The Kansas City Star has attempted to rate major suburban communities around K.C. for "quality of life," picking its winners and losers on issues such as crime, education, housing, lifestyle and sense of community. Not being familiar with any of those suburbs (although I have been to Kansas City itself), the specific ratings didn't interest me much; but I was quite intrigued by the scoring system they used. And I have a few disagreements.
First off, I was impressed that they actually included a measure of diversity -- "likelihood that whites will see or interact with a minority, as expressed by a mathematical formula called an 'exposure index,' favored by sociologists studying race relations." I'm hoping here that a higher probability led to a better rating.
Also included -- average commuting time, which I agree with. Long commutes not only negatively affect personal quality of life, but can conceivably it less likely that a commuter can have the time to be involved with his/her home community.
Number of businesses per capita seems kind of arbitrary as a measure, though. What about businesses you can walk to? Local businesses vs. chain stores? An appealing mix of businesses?
Property tax rates was interesting, considering there are a fair number of people who would opt to pay more to get better services, and who believe that improves quality of life. I'm not sure everyone would agree that low tax rates are by definition a good thing; opinions differ, especially depending on the results.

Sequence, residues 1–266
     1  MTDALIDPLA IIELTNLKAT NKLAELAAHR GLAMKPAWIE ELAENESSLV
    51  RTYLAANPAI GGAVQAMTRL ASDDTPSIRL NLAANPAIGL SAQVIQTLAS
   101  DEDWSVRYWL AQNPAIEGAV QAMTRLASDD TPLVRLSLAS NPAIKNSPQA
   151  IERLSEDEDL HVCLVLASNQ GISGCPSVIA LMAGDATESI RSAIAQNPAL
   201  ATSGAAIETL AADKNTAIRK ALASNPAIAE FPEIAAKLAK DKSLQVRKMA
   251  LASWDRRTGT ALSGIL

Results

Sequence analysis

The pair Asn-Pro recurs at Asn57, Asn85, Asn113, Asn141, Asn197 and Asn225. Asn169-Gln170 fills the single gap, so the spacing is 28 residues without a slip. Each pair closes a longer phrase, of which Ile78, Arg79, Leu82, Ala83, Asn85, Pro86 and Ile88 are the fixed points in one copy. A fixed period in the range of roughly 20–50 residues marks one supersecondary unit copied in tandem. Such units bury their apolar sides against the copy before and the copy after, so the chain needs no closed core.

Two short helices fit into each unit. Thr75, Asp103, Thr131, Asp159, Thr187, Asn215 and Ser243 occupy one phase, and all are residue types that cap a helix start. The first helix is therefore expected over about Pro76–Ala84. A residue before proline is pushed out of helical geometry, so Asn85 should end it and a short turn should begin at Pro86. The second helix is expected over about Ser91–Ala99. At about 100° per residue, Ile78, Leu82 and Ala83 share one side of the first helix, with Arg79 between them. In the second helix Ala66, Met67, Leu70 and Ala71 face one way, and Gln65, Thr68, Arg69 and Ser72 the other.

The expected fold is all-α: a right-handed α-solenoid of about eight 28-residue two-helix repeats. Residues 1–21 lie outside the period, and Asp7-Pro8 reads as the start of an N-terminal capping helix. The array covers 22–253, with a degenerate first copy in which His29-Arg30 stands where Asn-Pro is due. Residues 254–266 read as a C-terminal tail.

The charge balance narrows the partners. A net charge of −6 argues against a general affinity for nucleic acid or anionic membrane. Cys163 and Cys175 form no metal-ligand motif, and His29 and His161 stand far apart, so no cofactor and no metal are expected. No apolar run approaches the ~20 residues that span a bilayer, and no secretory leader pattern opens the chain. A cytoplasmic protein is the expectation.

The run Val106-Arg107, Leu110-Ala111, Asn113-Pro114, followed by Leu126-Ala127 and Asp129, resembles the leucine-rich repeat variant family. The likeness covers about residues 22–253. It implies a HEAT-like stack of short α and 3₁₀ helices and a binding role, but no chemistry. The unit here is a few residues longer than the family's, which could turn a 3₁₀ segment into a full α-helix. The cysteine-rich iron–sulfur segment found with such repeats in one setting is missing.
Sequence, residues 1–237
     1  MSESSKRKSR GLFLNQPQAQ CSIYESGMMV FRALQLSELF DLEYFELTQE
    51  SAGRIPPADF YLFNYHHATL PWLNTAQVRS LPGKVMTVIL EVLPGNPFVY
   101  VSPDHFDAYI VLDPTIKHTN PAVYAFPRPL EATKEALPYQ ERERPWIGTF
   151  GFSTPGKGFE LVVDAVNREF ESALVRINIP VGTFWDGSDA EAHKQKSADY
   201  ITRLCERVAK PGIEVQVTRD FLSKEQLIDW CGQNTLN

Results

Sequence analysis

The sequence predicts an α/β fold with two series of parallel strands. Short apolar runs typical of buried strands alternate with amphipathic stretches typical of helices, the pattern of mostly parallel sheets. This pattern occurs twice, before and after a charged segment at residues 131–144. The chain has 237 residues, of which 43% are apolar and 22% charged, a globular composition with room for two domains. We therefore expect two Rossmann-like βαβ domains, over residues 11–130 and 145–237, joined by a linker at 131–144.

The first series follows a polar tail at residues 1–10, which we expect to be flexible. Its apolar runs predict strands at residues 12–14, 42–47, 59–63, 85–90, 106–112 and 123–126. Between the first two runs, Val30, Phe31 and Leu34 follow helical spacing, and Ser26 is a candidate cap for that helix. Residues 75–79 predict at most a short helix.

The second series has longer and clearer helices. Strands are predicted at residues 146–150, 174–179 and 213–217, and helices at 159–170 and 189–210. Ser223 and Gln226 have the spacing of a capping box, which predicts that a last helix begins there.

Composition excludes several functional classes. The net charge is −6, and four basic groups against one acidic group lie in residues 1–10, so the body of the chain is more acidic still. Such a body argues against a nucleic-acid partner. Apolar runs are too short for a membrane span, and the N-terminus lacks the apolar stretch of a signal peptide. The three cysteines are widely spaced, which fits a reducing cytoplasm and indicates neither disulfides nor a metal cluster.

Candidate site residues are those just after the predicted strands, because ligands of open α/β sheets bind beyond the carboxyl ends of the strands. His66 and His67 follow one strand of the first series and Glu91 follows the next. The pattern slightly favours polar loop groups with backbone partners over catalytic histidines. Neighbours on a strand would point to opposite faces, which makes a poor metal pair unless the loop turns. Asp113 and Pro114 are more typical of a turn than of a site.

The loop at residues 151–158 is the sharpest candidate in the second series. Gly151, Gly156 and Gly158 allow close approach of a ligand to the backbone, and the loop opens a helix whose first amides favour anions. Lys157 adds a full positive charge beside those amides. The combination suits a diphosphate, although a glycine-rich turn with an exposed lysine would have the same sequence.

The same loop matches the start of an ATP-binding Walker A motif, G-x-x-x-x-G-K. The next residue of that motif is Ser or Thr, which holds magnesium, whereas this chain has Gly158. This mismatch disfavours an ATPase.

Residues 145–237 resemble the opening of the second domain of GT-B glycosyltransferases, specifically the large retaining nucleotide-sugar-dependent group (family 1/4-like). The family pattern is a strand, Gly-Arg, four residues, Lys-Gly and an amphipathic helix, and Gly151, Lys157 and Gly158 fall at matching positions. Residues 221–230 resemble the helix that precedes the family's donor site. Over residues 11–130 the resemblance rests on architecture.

I object as well to new single-family home building permits me as a positive measure, because newer exurbs are much more likely to have lots of empty buildable land than older inner-ring suburbs. That doesn't make them better communities.
Interestingly, the project tried to measure a community's "charm," looking at "attractiveness of the housing stock, tree coverage, neighborhood design, general property maintenance, street beautification, availability of cul-de-sacs, existence of a downtown or town square." The cul-de-sac inclusion irked me. People who live on cul-de-sacs may like them, but they hardly improve things for everyone else in a community. In fact, they end up adding more traffic to neighboring roads while not offloading any of the burden.
Think about it. In my neighborhood, there's a grid of local streets, with parallel roads often providing alternative ways of getting from one place to another. Based on this grid, we should expect a certain amount of traffic given the population. But each cul-de-sac adds more density of traffic being dumped into that grid, without providing the rest of us any additional roadway to get where we want to go. In other words, cul-de-sac residents get to drive on our streets every time they need to go someplace; but we don't get to drive on their street any time we need to get someplace.
Near my home, there are only a couple of small cul-de-sacs, and I don't think they actually add much of a traffic burden. However, if there were a LOT of "available" cul-de-sacs, it could add a significant increased traffic burden to other roadways compared to what one should expect at a given neighborhood density. It's not necessarily a net positive for the community as a whole.